China Defends Internet Censorship

China on Wednesday defended its censorship of information flowing into the country via the Internet, saying its practices are in line with international norms.

February 16, 2006

2 Min Read
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China on Wednesday defended its censorship of information flowing into the country via the Internet, saying its practices are in line with international norms.

Liu Zhengrong, deputy chief of the Internet Affairs Bureau of the State Council Information Office in China, was quoted in the official Xinhua News Agency as saying that the Chinese people can access the Web freely, and that the country blocks only "a very few" foreign Web sites that offer mostly pornography and terrorism.

"Regulating the Internet according to law is international practice," Liu, according to Xinhua, told reporters of China Daily, the country's official English-language newspaper. "After studying Internet legislation in the West, I've found we basically have identical legislative objectives and principles."

China is one of several countries targeted by human rights groups for blocking Web sites carrying information that the country has deemed inappropriate for political reasons. The nation's clampdown on information has also become a major headache for U.S. Internet companies, which have been criticized for helping Beijing in order to continue doing business in China.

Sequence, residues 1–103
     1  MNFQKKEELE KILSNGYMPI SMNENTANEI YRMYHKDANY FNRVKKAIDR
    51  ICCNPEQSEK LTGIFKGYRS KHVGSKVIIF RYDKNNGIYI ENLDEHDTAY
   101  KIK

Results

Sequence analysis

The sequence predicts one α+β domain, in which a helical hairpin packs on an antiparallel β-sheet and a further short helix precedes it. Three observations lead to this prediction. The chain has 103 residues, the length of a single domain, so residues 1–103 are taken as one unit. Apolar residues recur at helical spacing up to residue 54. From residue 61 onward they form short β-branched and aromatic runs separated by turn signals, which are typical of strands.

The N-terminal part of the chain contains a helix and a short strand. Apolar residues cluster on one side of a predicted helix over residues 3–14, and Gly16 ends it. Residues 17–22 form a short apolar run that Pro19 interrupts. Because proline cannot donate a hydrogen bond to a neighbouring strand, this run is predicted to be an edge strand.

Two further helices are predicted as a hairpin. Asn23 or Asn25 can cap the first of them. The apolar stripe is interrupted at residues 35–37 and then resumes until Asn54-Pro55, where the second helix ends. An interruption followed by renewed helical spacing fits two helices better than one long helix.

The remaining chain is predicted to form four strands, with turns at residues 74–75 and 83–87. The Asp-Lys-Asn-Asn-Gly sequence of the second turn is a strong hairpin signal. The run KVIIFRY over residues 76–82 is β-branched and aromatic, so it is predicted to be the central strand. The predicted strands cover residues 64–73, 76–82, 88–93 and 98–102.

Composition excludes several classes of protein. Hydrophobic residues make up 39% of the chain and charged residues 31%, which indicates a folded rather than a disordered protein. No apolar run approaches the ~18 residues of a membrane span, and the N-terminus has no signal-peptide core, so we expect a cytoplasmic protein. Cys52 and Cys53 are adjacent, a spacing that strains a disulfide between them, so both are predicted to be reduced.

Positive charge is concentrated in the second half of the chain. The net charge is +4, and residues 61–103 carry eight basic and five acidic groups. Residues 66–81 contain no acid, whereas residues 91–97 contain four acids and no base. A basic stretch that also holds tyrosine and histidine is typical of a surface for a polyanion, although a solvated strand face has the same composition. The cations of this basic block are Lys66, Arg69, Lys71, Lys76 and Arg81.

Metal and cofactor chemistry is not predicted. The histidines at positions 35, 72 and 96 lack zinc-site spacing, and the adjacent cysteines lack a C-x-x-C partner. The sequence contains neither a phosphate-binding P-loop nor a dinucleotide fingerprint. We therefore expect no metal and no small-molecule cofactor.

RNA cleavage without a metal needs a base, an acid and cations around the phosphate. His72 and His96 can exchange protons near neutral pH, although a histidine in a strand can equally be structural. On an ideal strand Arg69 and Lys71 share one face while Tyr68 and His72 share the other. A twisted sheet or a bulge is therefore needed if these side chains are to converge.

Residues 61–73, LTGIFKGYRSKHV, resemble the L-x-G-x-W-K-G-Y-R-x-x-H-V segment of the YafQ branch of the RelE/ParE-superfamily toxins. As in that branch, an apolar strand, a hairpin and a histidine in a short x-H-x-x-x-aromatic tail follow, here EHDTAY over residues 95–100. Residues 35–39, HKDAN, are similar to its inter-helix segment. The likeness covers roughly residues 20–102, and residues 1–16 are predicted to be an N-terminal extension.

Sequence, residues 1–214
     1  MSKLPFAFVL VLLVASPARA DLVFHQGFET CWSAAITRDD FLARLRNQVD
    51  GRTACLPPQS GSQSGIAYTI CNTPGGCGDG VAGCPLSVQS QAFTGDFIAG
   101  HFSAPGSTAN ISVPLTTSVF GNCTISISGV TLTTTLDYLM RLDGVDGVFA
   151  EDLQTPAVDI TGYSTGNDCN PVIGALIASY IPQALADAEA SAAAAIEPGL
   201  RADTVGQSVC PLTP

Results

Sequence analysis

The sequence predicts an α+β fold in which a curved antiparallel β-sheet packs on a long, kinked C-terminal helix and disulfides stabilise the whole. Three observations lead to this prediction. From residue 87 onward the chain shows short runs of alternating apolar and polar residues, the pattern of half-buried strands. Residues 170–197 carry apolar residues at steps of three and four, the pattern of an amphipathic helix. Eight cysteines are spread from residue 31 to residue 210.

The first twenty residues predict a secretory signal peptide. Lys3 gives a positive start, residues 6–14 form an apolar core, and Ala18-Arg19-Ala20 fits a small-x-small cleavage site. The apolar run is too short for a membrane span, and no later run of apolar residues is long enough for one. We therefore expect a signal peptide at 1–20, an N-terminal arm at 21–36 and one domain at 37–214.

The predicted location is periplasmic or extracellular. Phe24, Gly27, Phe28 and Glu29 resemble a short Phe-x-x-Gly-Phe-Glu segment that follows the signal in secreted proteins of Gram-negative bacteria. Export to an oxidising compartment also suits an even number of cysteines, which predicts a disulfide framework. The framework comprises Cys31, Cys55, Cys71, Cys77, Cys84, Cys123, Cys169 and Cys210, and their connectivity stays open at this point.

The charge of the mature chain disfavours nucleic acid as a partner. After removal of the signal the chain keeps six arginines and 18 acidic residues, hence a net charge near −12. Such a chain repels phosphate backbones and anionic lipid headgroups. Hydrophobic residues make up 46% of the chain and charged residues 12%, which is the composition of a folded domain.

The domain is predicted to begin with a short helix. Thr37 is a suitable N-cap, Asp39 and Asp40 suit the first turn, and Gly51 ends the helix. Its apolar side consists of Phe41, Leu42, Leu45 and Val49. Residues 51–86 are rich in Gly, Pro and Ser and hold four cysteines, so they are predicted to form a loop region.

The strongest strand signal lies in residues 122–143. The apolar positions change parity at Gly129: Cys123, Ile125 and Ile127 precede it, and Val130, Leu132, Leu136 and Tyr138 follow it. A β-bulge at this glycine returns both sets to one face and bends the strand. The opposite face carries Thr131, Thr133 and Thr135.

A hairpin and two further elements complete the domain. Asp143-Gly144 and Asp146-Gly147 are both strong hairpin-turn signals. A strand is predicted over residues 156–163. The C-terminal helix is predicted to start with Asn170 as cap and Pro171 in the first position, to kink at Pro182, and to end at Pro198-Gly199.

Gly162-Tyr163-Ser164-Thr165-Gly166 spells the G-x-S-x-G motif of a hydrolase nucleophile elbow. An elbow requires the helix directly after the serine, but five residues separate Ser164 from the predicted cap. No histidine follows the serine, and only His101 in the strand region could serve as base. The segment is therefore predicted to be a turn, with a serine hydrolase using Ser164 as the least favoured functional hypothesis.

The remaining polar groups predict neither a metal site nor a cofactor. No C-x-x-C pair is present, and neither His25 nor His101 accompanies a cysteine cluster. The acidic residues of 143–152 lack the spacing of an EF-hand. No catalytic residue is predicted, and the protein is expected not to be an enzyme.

MSN and Google filter search results to abide by Chinese laws and regulations. Yahoo recently sidestepped the issue by partnering with Chinese marketplace Alibaba.com, which runs the portal's operations in China.On criticism of Chinese censorship, Liu said it was common practice around the world to remove "illegal and harmful" information. As an example, he said, The New York Times states it will delete from its forums messages that it finds "abusive, defamatory, obscene, in violation of copyright or trademark laws, or otherwise unacceptable.""It is unfair and smacks of double standards when China [is criticized] for deleting illegal and harmful messages while it is legal for U.S. Web sites for doing so," Liu said.

While welcoming more foreign investment as China builds out its Internet economy, Liu made it clear that all companies operating in the second largest Internet market must follow its laws.

"Companies, including Internet firms, that provide services in China must observe Chinese statutes," Liu said.

In Washington, D.C., on Wednesday, the House Subcommittee on Africa, Global Human Rights and International Operations questioned officials from Yahoo, Google, Microsoft and Cisco Systems Inc. on their activities in China.

On Tuesday, the U.S. State Department established a task force to investigate the problems posed to the Internet by regimes deemed repressive by the West, such as China and Iran.In recent letters to the Congressional Human Rights Caucus investigating Chinese censorship, Google, Microsoft and Yahoo urged the Bush administration to take up the issue during talks with Beijing, saying as private companies they were bound to follow Chinese laws.

For example, Microsoft in January was forced to take down the blog of outspoken Chinese journalist Zhao Jing, in order to comply with China's rules. Yahoo last year gave information about journalist Shi Tao's personal email account to Beijing, which later jailed him for 10 years on charges of divulging state secrets.

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